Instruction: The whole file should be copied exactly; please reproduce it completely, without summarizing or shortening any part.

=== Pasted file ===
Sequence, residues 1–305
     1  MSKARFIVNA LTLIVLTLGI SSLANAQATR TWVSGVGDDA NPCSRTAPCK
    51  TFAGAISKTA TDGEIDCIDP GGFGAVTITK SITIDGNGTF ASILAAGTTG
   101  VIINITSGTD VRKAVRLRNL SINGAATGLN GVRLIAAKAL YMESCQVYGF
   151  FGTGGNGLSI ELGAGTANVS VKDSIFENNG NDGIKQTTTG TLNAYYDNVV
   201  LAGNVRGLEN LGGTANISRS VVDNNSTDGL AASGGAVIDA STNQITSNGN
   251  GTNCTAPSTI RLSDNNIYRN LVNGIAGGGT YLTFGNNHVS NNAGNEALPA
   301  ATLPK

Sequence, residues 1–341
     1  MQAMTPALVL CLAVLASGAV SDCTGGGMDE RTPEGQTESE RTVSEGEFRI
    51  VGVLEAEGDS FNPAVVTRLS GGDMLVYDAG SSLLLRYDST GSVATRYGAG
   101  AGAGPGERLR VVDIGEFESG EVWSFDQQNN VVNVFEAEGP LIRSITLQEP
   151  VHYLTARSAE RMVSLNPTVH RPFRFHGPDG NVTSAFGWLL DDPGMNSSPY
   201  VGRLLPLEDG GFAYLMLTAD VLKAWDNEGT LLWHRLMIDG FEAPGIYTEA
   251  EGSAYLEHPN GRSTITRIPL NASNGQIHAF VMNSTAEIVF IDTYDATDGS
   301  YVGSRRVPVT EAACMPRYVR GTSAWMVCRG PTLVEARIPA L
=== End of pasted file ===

Sequence, residues 1–305
     1  MSKARFIVNA LTLIVLTLGI SSLANAQATR TWVSGVGDDA NPCSRTAPCK
    51  TFAGAISKTA TDGEIDCIDP GGFGAVTITK SITIDGNGTF ASILAAGTTG
   101  VIINITSGTD VRKAVRLRNL SINGAATGLN GVRLIAAKAL YMESCQVYGF
   151  FGTGGNGLSI ELGAGTANVS VKDSIFENNG NDGIKQTTTG TLNAYYDNVV
   201  LAGNVRGLEN LGGTANISRS VVDNNSTDGL AASGGAVIDA STNQITSNGN
   251  GTNCTAPSTI RLSDNNIYRN LVNGIAGGGT YLTFGNNHVS NNAGNEALPA
   301  ATLPK

Sequence, residues 1–341
     1  MQAMTPALVL CLAVLASGAV SDCTGGGMDE RTPEGQTESE RTVSEGEFRI
    51  VGVLEAEGDS FNPAVVTRLS GGDMLVYDAG SSLLLRYDST GSVATRYGAG
   101  AGAGPGERLR VVDIGEFESG EVWSFDQQNN VVNVFEAEGP LIRSITLQEP
   151  VHYLTARSAE RMVSLNPTVH RPFRFHGPDG NVTSAFGWLL DDPGMNSSPY
   201  VGRLLPLEDG GFAYLMLTAD VLKAWDNEGT LLWHRLMIDG FEAPGIYTEA
   251  EGSAYLEHPN GRSTITRIPL NASNGQIHAF VMNSTAEIVF IDTYDATDGS
   301  YVGSRRVPVT EAACMPRYVR GTSAWMVCRG PTLVEARIPA L